And the most dangerous parts of the experiment are performed inside primary containment. For example, a biocontainment cabinet, which acts like an extra high-security box, inside the already highly-secure lab (kind of like the radiation glove box Homer Simpson is working in during the opening credits).

    "Many people behind the institution are working to make sure this research can be done safely and securely." — REBECCA MORITZ

    The Federal Select Agent program can come and inspect you at any time with no warning, Moritz says. At the bare minimum, the whole thing gets shaken down every three years.

    There are numerous potential dangers — a vial of virus gets dropped; a needle prick; a ferret bite — but Moritz is confident that the safety measures and guidelines will prevent any catastrophe.

    "The institution and many people behind the institution are working to make sure this research can be done safely and securely," Moritz says.

    No human harm has come of the work yet, but the potential for it is real.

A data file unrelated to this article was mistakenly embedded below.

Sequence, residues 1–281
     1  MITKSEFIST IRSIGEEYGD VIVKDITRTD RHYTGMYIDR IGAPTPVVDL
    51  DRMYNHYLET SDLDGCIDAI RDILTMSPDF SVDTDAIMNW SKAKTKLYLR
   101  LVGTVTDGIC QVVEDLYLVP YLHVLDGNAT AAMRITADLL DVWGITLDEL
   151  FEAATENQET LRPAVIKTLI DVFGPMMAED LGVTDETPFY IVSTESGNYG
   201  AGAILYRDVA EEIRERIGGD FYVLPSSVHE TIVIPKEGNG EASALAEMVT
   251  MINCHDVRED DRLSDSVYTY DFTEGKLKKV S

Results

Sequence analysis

"Nature will continue to do this"

    They were dead on the beaches.

    In the spring of 2014, another type of bird flu, H10N7, swept through the harbor seal population of northern Europe. Starting in Sweden, the virus moved south and west, across Denmark, Germany, and the Netherlands. It is estimated that 10% of the entire seal population was killed.

    The virus's evolution could be tracked through time and space, Fouchier says, as it progressed down the coast. Natural selection pushed through gain-of-function mutations in the seals, similarly to how H5N1 evolved to better jump between ferrets in his lab — his lab which, at the time, was shuttered.

    "We did our work in the lab," Fouchier says, with a high level of safety and security. "But the same thing was happening on the beach here in the Netherlands. And so you can tell me to stop doing this research, but nature will continue to do this day in, day out."

    Critics argue that the knowledge gained from the experiments is either non-existent or not worth the risk; Fouchier argues that GOF experiments are the only way to learn crucial information on what makes a flu virus a pandemic candidate.

    "If these three traits could be caused by hundreds of combinations of five mutations, then that increases the risk of these things happening in nature immensely," Fouchier says.

    "With something as crucial as flu, we need to investigate everything that we can," Fouchier says, hoping to find "a new Achilles' heel of the flu that we can use to stop the impact of it."